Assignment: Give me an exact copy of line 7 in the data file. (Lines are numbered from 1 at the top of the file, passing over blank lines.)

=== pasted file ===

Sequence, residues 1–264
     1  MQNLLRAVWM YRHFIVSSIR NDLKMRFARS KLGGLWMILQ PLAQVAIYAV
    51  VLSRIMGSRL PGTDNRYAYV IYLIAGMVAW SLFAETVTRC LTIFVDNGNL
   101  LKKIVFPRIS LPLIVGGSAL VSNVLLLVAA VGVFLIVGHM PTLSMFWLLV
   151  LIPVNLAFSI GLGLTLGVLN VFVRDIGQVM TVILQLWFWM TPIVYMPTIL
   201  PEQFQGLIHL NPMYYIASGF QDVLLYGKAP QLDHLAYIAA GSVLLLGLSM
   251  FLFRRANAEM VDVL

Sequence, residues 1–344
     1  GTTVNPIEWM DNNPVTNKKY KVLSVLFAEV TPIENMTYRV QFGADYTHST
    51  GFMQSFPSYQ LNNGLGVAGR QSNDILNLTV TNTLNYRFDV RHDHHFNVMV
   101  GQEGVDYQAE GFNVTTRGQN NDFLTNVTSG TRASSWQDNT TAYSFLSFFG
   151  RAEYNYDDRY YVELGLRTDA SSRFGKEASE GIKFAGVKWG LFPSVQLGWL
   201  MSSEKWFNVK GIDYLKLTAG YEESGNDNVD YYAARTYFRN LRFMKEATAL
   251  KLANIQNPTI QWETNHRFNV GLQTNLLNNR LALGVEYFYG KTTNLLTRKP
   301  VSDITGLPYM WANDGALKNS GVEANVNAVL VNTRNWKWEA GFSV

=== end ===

   251  FLFRRANAEM VDVL